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Sunday, August 30, 2009

50 Seaside South Court -Key West - Bank Owned - Luxury Water View






50 Seaside South Court is something a little different for a Bank Owned home. The four story luxury townhome is located at the eastern end of the Island of Key West and has direct water views. And here is the feature that sets it apart from most other properties in Key West: it has never been lived in.

The listing Realtor describes 50 Seaside Court South this way:
"This 4 level luxury townhome has never been lived in. Features include; 2 car garage, 6 balconies, sun roof, elevator, laundry room and ocean views. Kitchen has granite countertops and brand new stainless steel appliances. Key West Seaside Residence offers plenty parking, 2 large swimming pools, a fitness center and clubhouse."

CLICK HERE to read details posted by the listing Realtor and view photos in the mls. But let me add a few thoughts of my own regarding Seaside as a place to live and offer some suggestions about this unit in particular.

This property has 2736 sq ft of living space on four levels. You will find the garage, laundry,and storage on the ground floor plus about 500 sq ft of courtyard space which you might use as a private garden. This space faces South Roosevelt so you will get some noise from passing traffic. There are east facing balconies on each floor. And then there is that private rooftop sundeck where only God and people in low flying airplanes can see you. I was there on Sunday around 6:00 PM to take some photos. There just was not a lot of traffic at that time at that location. I was expecting more. I was surprised.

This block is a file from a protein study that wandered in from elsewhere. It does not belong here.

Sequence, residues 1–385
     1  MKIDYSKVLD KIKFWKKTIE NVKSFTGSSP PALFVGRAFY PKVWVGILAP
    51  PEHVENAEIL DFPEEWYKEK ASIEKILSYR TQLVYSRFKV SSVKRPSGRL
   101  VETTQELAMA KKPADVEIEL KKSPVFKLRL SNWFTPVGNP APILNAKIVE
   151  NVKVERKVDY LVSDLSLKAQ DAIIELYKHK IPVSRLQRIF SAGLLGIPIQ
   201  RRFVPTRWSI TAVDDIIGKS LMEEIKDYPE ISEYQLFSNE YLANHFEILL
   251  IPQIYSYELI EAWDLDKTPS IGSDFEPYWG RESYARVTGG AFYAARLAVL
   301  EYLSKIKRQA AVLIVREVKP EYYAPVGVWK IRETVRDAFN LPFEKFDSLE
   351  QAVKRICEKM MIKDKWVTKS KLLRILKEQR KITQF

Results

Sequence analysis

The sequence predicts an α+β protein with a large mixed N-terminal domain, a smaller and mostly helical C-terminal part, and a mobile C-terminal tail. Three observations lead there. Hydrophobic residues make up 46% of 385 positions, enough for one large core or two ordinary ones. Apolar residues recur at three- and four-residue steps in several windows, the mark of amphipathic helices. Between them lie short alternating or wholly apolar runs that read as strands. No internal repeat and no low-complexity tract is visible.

There are ocean views from the master bedroom and livingroom. The kitchen is on the top level on the west side, and it has a vaulted ceiling and sunset views. The building is poured concrete construction and has Category 5 hurricane rated windows and doors.